Rodney Smith : Analog Fine Art Photography
Recalling Magritte works, photographs Rodney Smith bewitch us in his surreal universe. As if he was staring at the time, the artist manages to subjugate us with strange and poetic shots.
Rodney Smith, a prominent photographer whose whimsical work invited comparisons to that of the Belgian surrealist René Magritte’s, died on Dec. 5 at his home in Snedens Landing, N.Y. He was 68.
The people in Mr. Smith’s photographs carry umbrellas and wear hats, often bowlers. Some peer into binoculars as if they can see into the future. Others lean into space at odd angles, Buster Keaton-like, or are poised to leap from a building ledge or airplane wing. A few have their faces obscured by hats, boxes and lampshades.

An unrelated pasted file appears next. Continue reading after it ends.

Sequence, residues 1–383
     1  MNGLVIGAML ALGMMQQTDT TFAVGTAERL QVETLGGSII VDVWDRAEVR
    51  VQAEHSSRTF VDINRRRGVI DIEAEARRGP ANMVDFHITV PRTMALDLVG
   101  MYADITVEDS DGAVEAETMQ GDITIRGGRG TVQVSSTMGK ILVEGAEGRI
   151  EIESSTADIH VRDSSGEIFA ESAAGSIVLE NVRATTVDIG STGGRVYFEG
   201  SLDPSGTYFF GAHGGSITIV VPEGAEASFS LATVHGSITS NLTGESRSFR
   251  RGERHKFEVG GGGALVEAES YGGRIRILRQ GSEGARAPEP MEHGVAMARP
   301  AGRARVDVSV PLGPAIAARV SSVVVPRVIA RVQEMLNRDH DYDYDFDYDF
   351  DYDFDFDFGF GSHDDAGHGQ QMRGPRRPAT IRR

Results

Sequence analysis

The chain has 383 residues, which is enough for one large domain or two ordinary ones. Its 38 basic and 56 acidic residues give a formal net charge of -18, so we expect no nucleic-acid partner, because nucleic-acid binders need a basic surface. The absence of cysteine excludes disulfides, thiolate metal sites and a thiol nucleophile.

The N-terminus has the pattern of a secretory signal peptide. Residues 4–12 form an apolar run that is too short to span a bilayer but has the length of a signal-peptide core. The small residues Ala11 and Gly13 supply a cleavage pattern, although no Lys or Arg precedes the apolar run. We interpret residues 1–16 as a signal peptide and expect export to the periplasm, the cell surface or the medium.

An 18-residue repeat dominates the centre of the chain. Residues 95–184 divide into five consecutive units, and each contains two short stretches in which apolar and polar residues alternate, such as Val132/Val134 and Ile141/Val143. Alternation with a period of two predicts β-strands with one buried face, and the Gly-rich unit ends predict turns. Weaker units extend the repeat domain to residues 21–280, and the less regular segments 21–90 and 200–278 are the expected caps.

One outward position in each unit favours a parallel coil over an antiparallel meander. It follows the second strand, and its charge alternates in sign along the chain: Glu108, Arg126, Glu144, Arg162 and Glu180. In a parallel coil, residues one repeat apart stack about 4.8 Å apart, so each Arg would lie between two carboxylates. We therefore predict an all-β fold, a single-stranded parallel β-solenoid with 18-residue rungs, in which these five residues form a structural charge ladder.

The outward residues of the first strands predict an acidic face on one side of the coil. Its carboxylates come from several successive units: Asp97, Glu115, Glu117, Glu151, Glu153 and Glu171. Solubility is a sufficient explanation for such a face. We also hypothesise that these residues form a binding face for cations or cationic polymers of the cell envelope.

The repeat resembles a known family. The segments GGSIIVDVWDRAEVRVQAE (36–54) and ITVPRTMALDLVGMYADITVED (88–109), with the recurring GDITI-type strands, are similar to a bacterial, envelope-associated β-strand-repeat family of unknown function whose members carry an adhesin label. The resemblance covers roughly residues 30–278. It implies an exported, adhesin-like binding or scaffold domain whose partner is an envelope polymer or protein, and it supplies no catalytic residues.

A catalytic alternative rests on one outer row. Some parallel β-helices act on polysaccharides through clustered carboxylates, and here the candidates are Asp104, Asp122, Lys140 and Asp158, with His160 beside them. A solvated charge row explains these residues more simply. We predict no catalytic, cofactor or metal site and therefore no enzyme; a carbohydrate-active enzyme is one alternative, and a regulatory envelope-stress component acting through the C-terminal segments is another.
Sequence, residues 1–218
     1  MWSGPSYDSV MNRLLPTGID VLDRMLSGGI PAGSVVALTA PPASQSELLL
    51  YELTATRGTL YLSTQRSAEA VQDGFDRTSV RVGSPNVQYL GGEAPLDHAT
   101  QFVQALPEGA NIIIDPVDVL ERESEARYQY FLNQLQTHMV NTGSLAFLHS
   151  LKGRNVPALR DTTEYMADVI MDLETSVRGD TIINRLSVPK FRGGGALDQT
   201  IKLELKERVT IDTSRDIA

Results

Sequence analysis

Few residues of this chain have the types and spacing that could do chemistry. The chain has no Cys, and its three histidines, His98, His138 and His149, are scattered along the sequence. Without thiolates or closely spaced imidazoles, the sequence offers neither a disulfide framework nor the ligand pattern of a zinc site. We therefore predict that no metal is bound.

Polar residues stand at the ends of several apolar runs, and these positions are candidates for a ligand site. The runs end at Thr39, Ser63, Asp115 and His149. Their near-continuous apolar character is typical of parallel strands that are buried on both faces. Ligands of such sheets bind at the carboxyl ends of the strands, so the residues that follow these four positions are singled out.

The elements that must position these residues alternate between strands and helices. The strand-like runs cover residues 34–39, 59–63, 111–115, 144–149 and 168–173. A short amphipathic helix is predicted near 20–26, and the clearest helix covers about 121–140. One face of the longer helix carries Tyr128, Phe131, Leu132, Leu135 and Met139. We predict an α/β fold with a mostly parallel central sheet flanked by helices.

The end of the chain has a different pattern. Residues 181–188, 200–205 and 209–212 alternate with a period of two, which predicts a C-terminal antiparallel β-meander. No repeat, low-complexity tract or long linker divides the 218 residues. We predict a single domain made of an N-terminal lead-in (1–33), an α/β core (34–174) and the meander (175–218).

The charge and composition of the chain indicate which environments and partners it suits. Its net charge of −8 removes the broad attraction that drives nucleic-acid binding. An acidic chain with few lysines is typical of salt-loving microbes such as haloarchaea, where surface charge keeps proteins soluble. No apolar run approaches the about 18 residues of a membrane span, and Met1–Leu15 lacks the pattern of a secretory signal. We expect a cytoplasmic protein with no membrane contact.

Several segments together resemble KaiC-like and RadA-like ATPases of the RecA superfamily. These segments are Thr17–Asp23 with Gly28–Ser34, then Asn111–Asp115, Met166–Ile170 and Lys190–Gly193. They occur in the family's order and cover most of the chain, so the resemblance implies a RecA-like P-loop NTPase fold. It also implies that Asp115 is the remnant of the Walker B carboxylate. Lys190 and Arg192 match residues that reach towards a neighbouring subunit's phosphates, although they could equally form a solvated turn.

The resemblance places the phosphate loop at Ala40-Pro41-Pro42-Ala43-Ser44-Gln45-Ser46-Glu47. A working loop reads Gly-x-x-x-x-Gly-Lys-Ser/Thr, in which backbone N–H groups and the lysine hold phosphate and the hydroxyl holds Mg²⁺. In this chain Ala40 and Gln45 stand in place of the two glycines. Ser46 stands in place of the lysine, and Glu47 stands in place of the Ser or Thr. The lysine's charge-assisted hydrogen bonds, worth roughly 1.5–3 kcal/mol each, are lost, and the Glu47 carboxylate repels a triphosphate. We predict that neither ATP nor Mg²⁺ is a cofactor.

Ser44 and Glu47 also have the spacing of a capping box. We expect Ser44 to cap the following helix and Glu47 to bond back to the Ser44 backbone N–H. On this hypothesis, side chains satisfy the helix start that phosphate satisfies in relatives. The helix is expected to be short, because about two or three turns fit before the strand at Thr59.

In the catalog to a 2003 show of Mr. Smith’s photography at the University of Virginia, Jonathan Stuhlman, an art writer and curator, wrote, “In Smith’s enchanted world, balance produces beauty, laughter and whimsy dance hand in hand, and things are not always what they seem.” The photographs, he wrote, offer “a perfect blend of reverie and reality.”
Besides Ms. Smolan, his second wife, Mr. Smith is survived by a daughter, Savannah, and a son, Jonah, from his first marriage, which ended in divorce; a sister, Marianne Harrison; and two grandsons.
Mr. Smith could be candid on his blog about his work and his life. Interviewing himself on it in 2014, he wrote: “I put my life on the line for photography and it returned the effort with abundance. Its gift back to me was a me devoid of most of my neuroses. One who is clear, sharp and energetic.”
Yet in another post he wrote that beneath the joy and fancifulness of his photographs “is a loneliness, a slow whiff of sadness and an everlasting melancholy.”